In his Guide to Hull (1817), J. C. Craggs provides a colorful background for the acquisition and appointment of the city by Edward. He writes that the King and a hunting party began a hare that “led them along the lovely banks of the Hull River to the village of Wyke, delighted with the scene before him, saw with delight the advantageous situation of this hitherto careless and dark corner. He foresaw that it could become servile both to make the kingdom safer against foreign invasion, and at the same time to enforce its trade. ” According to these thoughts, Craggs continues, Edward bought the land from the abbot of Meaux, had a stately room built for himself, issued proclamations that encouraged development within the city and granted him the royal denomination, King’s City.
The port served as a base for Edward I during the First War of Independence of Scotland and later became the most prominent port on the east coast of England. It prospered by exporting wool and wool fabrics and importing wine and wood. Hull also established a flourishing trade with the Baltic ports as part of the Hanseatic League.
Since its medieval beginnings, Hull’s main business links were with Scotland and northern Europe. Scandinavia, the Baltic and the Netherlands were key commercial areas for Hull merchants. In addition, there was trade with France, Spain and Portugal.
Sir William de la Pole was the first mayor of the city. A prosperous merchant, de la Pole founded a family that became prominent in the government. Another successful son of a family of Hull merchants was Bishop John Alcock, who founded Jesus College, Cambridge and was a patron of the elementary school in Hull.  It is believed that increased trade after the discovery of the Americas and the city’s maritime connections have played a role in the introduction of a virulent strain of syphilis through Hull and in Europe from the New World.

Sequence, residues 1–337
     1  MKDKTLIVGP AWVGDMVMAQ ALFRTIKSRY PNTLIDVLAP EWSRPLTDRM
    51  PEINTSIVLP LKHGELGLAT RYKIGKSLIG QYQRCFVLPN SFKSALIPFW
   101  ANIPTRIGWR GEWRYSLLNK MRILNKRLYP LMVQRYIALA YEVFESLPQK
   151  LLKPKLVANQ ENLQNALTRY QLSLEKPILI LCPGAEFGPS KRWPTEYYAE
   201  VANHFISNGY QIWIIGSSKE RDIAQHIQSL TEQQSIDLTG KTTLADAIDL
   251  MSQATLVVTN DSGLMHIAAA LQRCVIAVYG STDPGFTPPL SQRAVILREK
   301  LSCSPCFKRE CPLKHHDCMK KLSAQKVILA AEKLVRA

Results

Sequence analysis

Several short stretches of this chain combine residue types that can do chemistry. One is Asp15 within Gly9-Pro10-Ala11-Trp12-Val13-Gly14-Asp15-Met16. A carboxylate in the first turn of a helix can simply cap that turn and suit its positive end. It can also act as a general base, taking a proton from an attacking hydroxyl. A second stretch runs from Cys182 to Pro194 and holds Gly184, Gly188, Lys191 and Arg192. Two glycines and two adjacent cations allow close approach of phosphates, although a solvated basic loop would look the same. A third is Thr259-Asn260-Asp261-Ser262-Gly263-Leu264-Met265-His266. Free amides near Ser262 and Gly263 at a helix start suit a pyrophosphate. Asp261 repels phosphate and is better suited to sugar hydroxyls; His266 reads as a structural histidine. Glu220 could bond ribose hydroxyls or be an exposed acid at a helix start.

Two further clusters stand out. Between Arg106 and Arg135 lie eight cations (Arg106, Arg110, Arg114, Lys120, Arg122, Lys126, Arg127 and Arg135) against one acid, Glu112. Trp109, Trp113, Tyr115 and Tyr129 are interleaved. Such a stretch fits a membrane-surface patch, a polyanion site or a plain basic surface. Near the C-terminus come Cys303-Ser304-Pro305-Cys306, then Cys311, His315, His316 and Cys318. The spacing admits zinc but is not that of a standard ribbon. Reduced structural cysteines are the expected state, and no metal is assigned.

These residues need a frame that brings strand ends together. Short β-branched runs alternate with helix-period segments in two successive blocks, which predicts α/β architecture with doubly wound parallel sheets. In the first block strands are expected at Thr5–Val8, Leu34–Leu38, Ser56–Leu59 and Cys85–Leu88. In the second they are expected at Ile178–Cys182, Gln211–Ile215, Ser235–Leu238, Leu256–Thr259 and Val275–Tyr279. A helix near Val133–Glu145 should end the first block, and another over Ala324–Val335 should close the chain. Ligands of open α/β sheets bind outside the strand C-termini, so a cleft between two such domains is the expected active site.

The city prospered during the 16th and early 17th centuries and Hull’s wealth is now preserved in the form of several well-maintained buildings of the time, including the Wilberforce House, now a museum that documents William’s life Wilberforce
During the English Civil War, Hull became strategically important due to the large arsenal located there. Very early in the war, on January 11, 1642, the king appointed the Earl of Newcastle governor of Hull, while Parliament nominated Sir John Hotham and asked his son, Captain John Hotham, to secure the city of right now. Sir John Hotham and Hull Corporation declared their support for Parliament and denied Carlos I entering the city. Charles I responded to these events by besieging the city.This siege helped precipitate an open conflict between the forces of Parliament and those of the royalists.
Whaling played an important role in the fortune of the city until the mid-nineteenth century.
As the power of the candle gave way to steam, Hull’s commercial ties spread throughout the world. Docks were opened to serve the frozen meat trade in Australia, New Zealand and South America. Hull was also the center of a thriving network of internal and coastal trade, serving the entire United Kingdom.
Throughout the second half of the nineteenth century and before the First World War, the Port of Hull played an important role in the emigration of settlers from northern Europe to the New World, with thousands of emigrants sailing to the city and They stopped for administrative purposes.